Stock market Why Is the Stock Market Down Today? Covid19 Fears Are Just One
Do's and don'ts during a stock market sell-off Mon, 19 Jul 2021 08:00:00 -0700-Covid-19 Delta variant fears were the trigger for a selloff on Monday. But markets were due for a correction. It could be a chance to buy the dip.
Investors were getting defensive on Monday, with stocks down, bond prices up, and commodities trading like there’s another Covid-induced recession coming.
While fears over the Delta variant of Covid-19 were the trigger for Monday’s selloff, they were also a chance for markets to blow off some steam after a long rally without a correction. Today’s selloff could open up buying opportunities for investors willing to fade those concerns and scoop up some suddenly discounted names.
Stocks of more cyclical and economically exposed companies were bearing the brunt of the declines on Monday. Around noon, the Dow Jones Industrial Average was down about 870 points, or 2.5%, while the S&P 500 lost 1.9% and the technology-heavy Nasdaq Composite fell 1.2%. The yield on the 10-year U.S. Treasury note dipped below 1.2% at one point, its lowest level since February.
The Delta variant, a more contagious mutation of the coronavirus, has quickly become the dominant strain in the U.S., accounting for the majority of infections in recent weeks. Centers for Disease Control and Prevention director Dr. Rochelle Walensky said Friday that the spread was concentrated in areas where vaccination rates were relatively low. Walensky added that although new daily cases were up 70% in a week, hospitalization and death rates were climbing less quickly.
Another surge of Covid-19 infections raises the specter of a fresh wave of lockdowns and restrictions that would hamper the economic recovery under way. And with inflation pressures firmly in place and commodity prices on the rise as supply chains struggle to keep up with demand, an ugly word comes to mind: stagflation, or surging inflation despite sluggish economic growth.
“The global economy is barely surviving on life support, and another wave of infections may spur lockdowns that could signal the death knell for the tenuous recovery,” said Peter Essele, head of investment management for Commonwealth Financial Network, on Monday. “Fear of stagflation will be a major concern for investors if a resurgence in Covid infections causes economies to slow while consumer prices continue an upward trajectory.”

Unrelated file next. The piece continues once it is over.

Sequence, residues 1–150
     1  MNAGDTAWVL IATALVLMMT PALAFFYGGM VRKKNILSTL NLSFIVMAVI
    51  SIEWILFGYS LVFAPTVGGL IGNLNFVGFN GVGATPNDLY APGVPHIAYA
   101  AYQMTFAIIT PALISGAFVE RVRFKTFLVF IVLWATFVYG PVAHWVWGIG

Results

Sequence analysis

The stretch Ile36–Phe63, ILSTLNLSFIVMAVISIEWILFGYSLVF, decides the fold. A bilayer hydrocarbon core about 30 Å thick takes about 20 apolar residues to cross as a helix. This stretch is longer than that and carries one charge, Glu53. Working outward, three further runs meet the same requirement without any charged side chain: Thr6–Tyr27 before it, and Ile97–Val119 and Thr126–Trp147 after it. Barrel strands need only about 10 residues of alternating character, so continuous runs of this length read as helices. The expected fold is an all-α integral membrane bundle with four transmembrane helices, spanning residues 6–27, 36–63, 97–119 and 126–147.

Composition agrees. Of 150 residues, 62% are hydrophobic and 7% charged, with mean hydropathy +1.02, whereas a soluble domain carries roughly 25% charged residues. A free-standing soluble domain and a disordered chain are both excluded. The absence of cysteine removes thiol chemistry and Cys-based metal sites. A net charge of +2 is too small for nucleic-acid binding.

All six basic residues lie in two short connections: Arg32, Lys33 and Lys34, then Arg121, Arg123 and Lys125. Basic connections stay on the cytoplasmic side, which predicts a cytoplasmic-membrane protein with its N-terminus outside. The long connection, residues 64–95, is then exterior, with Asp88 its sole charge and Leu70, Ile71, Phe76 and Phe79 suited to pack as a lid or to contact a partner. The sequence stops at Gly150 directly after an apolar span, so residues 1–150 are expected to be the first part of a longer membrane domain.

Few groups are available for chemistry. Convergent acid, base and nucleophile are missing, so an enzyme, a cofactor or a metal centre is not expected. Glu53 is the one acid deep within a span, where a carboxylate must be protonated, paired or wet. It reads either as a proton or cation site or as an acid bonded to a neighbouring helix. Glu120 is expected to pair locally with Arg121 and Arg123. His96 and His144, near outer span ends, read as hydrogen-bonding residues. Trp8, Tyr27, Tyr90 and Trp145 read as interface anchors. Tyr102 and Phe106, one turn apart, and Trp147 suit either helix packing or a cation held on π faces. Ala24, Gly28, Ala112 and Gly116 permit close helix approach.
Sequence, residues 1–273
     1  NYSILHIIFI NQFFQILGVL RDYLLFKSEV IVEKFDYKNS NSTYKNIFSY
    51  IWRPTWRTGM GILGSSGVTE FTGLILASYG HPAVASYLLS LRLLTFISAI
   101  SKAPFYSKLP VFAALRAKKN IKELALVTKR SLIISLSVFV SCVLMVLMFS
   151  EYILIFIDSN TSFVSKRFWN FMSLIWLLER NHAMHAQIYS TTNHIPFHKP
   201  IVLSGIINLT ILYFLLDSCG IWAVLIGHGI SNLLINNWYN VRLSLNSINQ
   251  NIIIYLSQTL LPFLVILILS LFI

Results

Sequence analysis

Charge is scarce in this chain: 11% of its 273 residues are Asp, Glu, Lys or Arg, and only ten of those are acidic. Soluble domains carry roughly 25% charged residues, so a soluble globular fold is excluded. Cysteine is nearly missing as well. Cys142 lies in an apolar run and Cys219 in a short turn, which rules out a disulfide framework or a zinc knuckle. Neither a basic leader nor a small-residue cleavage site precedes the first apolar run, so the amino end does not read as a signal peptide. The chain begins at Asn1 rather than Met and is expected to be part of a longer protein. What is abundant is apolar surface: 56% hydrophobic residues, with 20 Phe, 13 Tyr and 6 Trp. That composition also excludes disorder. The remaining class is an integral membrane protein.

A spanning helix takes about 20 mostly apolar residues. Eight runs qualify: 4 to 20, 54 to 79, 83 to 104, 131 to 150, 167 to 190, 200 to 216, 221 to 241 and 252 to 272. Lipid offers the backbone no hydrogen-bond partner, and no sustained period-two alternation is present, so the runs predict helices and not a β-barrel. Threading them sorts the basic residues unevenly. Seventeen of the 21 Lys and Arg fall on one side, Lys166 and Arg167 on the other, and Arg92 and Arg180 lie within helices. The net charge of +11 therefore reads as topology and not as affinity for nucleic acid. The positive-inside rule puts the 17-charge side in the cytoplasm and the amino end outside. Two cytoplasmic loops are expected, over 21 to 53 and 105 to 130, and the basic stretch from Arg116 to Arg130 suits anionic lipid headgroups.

The gloomy Covid news comes as market concerns had been building on several fronts. The fastest rate of inflation in years, uncertainty about a coming shift in Federal Reserve policy, and pricey valuations had already put stock investors on edge. Expectations are also high for the second-quarter earnings season currently under way.
A lot of good news had already been priced into the market, with major indexes hitting new highs last week. The S&P 500 is up 16% this year and hasn’t experienced a pullback of more than 5% since last fall, an environment ripe for some pullback in stock prices.
But that doesn’t mean it’s all doom and gloom for stock investors from here. Period corrections can be healthy for a bull market since they push valuations back in check, presenting buying opportunities for newly discounted stocks.
“The [S&P 500] is below its 20-day [moving average] this morning for the first time since mid-June, when a four-day pullback took hold,” wrote Katie Stockton, founder and managing partner at technical-analysis focused Fairlead Strategies, on Monday. “Short-term momentum is now to the downside, but we think the pullback will be similarly short-lived.
Furthermore, Stockton noted that the S&P 500 found support around its 50-day moving average of 4232 on Monday. The index was at about 4240 after noon.